On the velar nasal /ŋ/ sound followed by /k/

I’m a non-native speaker and I have always pronounced all words with syllables ending in ‘n’ followed by a /k/ sound with the velar nasal /ŋ/. For example: think / increase (v+n) / income / incomplete. This was just acquired naturally without any intentional training. (I understand that words ending with ‘nk’ like ‘think’ do … Read more

Pronunciation: vowels before dark L (Any accent)

To native speakers of English, how do you compare a vowel before a dark L and one without a dark L. Example words: gold, goal, sold, soul, hole, hold, bowl, bold go, so, ho, bow(noun) . pool, school, cool, tool poo, coo, too . ball, hall, wall, mall awe Is the vowel/(start of diphthong) rounder? … Read more

Is there a word spelled with a silent B at the start?

My dad and I were playing a game in the car where we picked a letter and then each alternated saying a word that started with that letter. We did it with b, for example, it might go: Dad: bath me: ball dad: buffalo me: bank etc. As we were playing/debating the rules of our … Read more

What happens phonetically in “words that”?

Could you explain to me what happens from the linguist’s point of view when the sounds meet in the speech? Answer Briefly (because stuff like this happens whenever words meet up in speech, which is to say in every sentence), the phonemics of words that (occurring in a phrase, where words is stressed and that … Read more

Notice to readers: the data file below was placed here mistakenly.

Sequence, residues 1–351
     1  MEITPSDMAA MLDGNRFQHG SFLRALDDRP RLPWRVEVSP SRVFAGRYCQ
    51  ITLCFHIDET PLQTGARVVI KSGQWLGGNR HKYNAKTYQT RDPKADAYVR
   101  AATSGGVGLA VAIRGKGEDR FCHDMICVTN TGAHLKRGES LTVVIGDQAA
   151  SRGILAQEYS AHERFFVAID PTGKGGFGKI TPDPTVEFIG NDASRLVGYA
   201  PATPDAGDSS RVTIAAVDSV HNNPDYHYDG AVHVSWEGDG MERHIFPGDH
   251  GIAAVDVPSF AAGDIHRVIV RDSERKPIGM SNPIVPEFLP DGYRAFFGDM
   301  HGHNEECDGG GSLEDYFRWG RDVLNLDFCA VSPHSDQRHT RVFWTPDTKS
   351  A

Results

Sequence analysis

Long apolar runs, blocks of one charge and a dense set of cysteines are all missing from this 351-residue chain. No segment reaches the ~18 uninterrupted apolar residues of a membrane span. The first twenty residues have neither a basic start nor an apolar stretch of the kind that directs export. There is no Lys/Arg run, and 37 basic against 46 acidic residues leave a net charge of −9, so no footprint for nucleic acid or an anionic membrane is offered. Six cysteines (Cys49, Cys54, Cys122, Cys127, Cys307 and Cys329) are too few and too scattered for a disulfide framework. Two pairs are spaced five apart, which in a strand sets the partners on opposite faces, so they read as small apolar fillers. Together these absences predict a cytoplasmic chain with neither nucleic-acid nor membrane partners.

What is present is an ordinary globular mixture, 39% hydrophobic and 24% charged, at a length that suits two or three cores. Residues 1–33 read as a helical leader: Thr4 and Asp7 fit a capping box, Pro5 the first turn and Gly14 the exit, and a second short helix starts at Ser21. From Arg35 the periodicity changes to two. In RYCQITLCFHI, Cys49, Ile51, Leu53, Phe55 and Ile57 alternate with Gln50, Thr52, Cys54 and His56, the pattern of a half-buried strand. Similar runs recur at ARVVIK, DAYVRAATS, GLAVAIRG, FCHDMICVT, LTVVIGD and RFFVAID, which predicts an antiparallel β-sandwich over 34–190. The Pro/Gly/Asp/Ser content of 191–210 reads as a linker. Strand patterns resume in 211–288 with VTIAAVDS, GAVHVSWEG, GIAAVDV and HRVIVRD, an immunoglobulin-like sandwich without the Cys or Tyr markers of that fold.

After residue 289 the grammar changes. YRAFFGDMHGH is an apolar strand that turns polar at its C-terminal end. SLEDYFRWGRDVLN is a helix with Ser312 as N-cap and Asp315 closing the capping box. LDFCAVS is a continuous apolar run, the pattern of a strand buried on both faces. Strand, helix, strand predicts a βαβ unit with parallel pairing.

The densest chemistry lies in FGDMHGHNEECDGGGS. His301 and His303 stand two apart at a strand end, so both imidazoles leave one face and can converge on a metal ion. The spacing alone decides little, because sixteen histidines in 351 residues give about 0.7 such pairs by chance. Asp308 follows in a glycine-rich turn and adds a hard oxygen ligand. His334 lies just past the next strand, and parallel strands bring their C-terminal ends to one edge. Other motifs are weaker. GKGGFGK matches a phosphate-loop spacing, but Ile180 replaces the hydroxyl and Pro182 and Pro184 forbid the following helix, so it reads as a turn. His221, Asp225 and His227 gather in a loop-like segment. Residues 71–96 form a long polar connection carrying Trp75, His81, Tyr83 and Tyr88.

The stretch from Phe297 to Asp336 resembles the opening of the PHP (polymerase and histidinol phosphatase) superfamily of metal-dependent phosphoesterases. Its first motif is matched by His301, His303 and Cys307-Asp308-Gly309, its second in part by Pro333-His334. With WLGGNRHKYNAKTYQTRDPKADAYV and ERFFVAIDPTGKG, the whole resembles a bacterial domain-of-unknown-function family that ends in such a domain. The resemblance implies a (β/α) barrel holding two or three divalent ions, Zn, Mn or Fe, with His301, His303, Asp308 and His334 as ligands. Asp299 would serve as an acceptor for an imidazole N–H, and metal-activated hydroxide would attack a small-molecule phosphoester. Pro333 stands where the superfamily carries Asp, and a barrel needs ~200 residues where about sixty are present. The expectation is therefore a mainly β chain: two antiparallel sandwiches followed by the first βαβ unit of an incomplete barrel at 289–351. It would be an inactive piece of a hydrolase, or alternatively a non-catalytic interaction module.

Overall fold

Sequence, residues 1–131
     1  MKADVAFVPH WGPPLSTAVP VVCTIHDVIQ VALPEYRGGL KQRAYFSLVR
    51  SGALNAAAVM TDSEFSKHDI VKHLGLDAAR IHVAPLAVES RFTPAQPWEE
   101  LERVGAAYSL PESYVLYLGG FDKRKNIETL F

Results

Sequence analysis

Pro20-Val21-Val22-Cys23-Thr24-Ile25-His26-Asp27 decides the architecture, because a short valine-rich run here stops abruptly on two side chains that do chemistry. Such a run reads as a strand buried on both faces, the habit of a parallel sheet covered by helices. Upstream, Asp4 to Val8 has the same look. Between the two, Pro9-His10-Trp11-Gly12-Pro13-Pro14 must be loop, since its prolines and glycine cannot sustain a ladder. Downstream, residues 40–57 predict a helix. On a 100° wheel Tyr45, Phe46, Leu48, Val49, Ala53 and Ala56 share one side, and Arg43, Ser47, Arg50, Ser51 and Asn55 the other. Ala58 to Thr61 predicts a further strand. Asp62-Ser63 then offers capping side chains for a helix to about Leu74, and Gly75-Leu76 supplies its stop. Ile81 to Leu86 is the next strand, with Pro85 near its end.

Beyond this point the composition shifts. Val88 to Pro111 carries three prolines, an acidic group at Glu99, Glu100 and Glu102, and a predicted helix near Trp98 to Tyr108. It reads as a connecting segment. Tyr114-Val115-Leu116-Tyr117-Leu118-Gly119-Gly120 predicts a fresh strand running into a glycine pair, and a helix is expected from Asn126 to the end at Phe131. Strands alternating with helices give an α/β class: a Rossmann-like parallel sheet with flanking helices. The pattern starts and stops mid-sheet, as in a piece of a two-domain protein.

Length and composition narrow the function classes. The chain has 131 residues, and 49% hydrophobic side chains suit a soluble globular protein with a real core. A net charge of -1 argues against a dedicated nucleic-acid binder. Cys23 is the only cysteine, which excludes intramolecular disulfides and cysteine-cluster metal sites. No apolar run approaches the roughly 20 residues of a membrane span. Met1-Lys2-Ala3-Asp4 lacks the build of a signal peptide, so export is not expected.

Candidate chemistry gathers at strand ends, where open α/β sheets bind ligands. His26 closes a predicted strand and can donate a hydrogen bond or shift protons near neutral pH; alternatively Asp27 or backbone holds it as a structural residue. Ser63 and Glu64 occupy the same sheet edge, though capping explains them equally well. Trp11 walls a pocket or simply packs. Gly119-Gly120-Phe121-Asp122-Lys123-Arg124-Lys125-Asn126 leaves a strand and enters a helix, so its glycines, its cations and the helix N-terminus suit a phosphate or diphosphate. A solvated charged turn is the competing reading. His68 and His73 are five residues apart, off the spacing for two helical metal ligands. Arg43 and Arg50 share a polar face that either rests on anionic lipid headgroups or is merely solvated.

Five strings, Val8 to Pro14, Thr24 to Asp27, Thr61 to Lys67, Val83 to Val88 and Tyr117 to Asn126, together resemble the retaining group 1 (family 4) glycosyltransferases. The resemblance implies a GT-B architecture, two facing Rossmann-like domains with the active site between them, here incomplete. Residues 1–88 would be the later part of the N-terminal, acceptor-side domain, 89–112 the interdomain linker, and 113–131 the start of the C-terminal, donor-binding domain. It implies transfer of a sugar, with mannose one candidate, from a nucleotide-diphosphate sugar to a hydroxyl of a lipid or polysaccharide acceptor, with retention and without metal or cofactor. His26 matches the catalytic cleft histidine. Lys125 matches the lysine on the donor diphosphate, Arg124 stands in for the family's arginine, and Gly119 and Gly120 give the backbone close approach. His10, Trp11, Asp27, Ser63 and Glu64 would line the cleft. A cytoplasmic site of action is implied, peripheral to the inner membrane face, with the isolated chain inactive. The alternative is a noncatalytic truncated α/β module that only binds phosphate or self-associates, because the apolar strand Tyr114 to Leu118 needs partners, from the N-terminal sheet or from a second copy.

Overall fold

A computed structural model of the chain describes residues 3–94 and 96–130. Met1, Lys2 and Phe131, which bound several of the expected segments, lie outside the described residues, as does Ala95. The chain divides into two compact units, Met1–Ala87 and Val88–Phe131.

Is the “ng” sound often pronounced simultaneously with the “n” sound?

Don’t native speakers in some regions pronounce [ŋ] simultaneously with the [n] sound in order to connect it without releasing the “g”? For instance, can the word “singer” instead of sɪŋ·ər, be pronounced more like sɪŋn·ər? I’m asking because every time I try to pronounce that word, the “g” sound is released automatically, even though … Read more

Why is the word “folks” pronounced [foʊks]?

Why is the word folks sound like it’s pronounced [foʊks] rather than [fɔɫks]? It’s as though people are thinking it’s spelled fokes. Answer This is the result of historical loss/vocalization of the sound /l/ in certain contexts. As Max Williams mentioned, we also see this loss in -alk words like walk, talk, chalk, balk, stalk. … Read more

/z/ + /ð/ = /zdð/?

I was wondering what exactly happens when the common English speaker* pronounces /z/ and /ð/ right after, for example , the word – combo “is this …”. Honestly, for me it’s almost impossible to pronounce this combination without making a very small break between the /z/ and the /ð/. When I hear Americans pronounce this … Read more

Yod coalescence across words – only with “you(r(s))”?

I’m asking specifically about Yod* coalescence when connecting two words together. Some very (neat) phenomenon in American English is to “fuse” you/r/s when the word ends in t/d/z: I was thinking about you -> aɪ wəz θɪŋkɪŋ əˈbaʊtʃu what did you do? -> wʌt| dɪʤu du? close your eyes -> kloʊʒəɹ aɪz From my observation, … Read more